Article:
In 55 years, the Eurovision Song Contest and its participants broke many records and enriched us with countless fait divers. Eurovision.tv highlights the most remarkable and impressive records.
More than 1,000 songs already have taken part in the Eurovision Song Contest. In 2006, the song of Ireland’s Brian Kennedy was number 1,000. In 2003, Cyprus delivered the 900th song for the Eurovision Song Contest. In 1999, Lydia’s No Quiero Escuchar was the 800th song.
Number 100 was T’en Va Pas, performed by Esther OFARIM for Switzerland, De Troubadour performed by Lenny Kuhr was the 200th song in 1969. Malta brought number 300 in 1975; Singing This Song. He, He M’sieurs Dames was the 400th song performed on the Eurovision Song Contest, this time by France in 1980.
Luxembourg had the honour of presenting the 500th song in 1986, L’amour De Ma Vie, Portugal the 600th song in 1990 with Ha Sempre Slguem and in 1994, the Polish representative performed song number 700, To Nie Ja. The 1,100th song has been performed in 2008.
- Every year an estimated amount of 125 million viewers watch the Eurovision Song Contest
- Noel Kelehan conducted five winners (1980, 1987, 1992, 1993 and 1996)
- Dutch conductor Dolf van der Linde conducted for seven different countries (Belgium, Germany, Ireland, Luxembourg, the Netherlands, Sweden and Switzerland
- Johnny Logan won the Eurovision Song Contest three times. In 1980 and 1987 he represented Ireland as performer and won both times, in 1992 he wrote Linda Martin’s winning entry Why Me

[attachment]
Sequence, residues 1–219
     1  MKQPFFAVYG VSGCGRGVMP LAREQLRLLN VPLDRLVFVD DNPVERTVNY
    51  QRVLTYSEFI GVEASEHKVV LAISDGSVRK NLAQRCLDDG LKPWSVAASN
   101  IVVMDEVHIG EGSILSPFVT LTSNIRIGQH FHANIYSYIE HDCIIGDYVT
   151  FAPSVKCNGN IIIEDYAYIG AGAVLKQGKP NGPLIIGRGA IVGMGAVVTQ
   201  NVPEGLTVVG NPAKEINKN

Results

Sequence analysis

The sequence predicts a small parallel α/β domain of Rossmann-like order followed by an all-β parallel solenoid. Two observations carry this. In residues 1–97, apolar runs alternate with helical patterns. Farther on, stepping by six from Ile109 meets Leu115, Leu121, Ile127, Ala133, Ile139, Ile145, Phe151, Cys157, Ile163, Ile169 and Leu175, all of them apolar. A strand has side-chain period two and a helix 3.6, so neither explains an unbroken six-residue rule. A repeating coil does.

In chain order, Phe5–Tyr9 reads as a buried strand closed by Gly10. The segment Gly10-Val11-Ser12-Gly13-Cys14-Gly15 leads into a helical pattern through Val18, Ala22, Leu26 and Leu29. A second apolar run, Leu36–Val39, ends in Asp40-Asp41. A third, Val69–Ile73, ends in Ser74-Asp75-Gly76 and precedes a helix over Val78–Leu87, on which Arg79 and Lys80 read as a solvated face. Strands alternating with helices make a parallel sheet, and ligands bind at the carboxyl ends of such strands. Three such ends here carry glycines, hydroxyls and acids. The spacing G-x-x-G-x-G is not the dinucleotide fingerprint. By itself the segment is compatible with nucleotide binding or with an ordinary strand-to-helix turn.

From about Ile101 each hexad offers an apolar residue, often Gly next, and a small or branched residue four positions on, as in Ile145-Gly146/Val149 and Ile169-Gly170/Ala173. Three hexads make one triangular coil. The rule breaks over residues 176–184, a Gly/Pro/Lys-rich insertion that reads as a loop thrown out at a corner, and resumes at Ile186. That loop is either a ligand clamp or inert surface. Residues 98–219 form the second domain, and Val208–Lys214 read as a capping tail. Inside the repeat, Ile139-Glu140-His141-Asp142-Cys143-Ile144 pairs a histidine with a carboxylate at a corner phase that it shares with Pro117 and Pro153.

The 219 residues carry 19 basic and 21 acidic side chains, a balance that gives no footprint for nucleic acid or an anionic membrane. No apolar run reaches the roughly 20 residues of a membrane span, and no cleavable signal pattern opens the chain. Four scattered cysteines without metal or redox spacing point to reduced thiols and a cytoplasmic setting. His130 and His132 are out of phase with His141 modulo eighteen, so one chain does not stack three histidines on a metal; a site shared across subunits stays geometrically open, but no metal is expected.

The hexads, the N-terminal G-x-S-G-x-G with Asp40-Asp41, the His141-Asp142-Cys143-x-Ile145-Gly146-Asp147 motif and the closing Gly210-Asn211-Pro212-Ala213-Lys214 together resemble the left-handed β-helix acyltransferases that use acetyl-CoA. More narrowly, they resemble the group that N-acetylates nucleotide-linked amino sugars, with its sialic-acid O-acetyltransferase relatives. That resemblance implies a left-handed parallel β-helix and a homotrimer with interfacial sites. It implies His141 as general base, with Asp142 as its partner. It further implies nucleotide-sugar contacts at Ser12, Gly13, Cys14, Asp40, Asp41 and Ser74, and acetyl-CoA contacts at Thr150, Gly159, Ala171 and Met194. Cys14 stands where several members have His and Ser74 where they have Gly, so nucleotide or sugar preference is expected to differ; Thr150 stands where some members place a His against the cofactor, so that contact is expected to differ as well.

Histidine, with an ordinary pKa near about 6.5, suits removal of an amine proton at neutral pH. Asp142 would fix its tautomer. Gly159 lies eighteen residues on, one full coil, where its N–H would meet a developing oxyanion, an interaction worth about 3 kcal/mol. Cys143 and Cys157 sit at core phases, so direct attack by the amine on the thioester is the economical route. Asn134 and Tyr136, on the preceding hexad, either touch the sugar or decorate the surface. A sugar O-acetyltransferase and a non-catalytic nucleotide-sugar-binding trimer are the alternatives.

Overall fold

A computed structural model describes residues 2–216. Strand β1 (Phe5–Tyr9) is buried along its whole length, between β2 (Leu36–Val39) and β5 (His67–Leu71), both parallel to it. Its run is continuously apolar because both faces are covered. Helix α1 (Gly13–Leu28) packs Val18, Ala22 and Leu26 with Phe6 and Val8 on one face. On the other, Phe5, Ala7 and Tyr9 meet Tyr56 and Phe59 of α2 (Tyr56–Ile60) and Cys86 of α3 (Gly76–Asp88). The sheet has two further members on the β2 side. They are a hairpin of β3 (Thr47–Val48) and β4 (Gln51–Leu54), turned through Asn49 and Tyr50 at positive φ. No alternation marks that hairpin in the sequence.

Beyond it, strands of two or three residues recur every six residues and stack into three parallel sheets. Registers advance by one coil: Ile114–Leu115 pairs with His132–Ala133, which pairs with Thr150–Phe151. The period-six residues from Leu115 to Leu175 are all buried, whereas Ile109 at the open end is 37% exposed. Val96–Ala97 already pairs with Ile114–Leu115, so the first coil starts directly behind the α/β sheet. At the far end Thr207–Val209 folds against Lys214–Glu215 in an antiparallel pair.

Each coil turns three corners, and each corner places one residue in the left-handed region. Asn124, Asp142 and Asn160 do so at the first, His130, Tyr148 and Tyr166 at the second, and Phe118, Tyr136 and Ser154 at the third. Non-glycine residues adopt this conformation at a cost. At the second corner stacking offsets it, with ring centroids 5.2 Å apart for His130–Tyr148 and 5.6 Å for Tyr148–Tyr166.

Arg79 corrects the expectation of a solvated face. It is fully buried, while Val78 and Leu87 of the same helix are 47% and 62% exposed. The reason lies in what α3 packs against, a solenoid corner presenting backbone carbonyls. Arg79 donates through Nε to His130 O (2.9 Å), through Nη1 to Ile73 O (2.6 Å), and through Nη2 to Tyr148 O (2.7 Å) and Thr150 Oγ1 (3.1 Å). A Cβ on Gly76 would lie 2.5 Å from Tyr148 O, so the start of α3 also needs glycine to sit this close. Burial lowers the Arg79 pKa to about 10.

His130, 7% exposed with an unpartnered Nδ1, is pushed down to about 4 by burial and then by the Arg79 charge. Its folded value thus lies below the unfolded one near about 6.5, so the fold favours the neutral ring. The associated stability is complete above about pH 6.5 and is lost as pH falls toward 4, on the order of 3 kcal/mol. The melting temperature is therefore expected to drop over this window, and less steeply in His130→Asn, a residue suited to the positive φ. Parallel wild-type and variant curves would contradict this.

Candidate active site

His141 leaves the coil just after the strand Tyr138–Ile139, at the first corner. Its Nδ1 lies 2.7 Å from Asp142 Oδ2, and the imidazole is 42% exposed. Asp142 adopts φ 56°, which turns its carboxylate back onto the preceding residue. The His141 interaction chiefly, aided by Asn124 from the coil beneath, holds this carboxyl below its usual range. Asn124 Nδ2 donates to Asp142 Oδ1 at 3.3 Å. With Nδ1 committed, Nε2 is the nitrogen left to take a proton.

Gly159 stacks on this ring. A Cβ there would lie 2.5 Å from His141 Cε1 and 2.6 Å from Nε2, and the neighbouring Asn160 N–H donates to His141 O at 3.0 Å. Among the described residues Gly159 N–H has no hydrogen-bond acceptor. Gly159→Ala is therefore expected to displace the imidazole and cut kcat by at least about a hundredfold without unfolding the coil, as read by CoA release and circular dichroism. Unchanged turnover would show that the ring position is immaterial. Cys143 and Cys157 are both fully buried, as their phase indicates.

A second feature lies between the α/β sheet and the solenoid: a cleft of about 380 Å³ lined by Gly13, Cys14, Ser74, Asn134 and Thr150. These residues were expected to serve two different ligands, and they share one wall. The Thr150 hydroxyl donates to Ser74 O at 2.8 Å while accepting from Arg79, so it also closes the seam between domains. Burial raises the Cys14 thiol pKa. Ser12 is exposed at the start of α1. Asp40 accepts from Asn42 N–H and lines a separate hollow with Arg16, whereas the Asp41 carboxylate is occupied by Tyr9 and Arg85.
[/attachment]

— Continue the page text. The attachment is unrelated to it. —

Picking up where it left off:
- Poland made the most impressive debute in 1994, when Edyta Gorniak came 2nd with To Nie Ja, closely followed by Serbia’s victory in 2007. Although Serbia & Montenegro was represented twice before, it was the first time that Serbia took part as an independent country
- Norway could be found at the bottom of the list as many as ten times! The unfortunates came last in 1963, 1969, 1974, 1976, 1978, 1981, 1990, 1997, 2001 and 2004. Nevertheless, they also won thrice (in 1985, 1995 and 2009)
- Ireland won 7 times, Luxembourg, France and the United Kingdom 5 times. Sweden and the Netherlands won 4 times
- In 2001, the largest audience ever attended the Eurovision Song Contest. Almost 38,000 people gathered at Copenhagen’s Parken Stadium
- In 2008, a record number of 43 countries participated
- in 2011, Lena, the winner of the 2010 Eurovision Song Contest, decided to defend her title on home ground – something only two people have done in the history of the contest.
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- German songwriter and composer Ralph Siegel took part 18 times, often together with Bernd Meinunger
- Only three women conducted the orchestra at the Eurovision Song Contest. Nurit Nirsch conducted the Israeli entries of 1973 and 1978, Monica Dominique conducted the Swedish 1973 entry and Anita KERR appeared in front of the orchestra for Switzerland in 1985
- Most winning songs were performed in English – songs (mostly) in English won 22 times. French is also popular, with 14 victories. Dutch and Hebrew songs won 3 times each
- Six different systems were used over the past decades to pick the winner of the Eurovision Song Contest
- ABBA is the most successful Eurovision Song Contest winner. The Swedish pop band won the contest in 1974
- The most covered Eurovision Song Contest song is Domenico Mudugno’s Nel Blu Di Pinto Di Blu, also known as Volare. The song has been covered by famous stars such as Dean Martin, Cliff Richard, David Bowie and many more
- Morocco took part in the Eurovision Song Contest only once (1980). Unfortunately, their first attempt was not very successful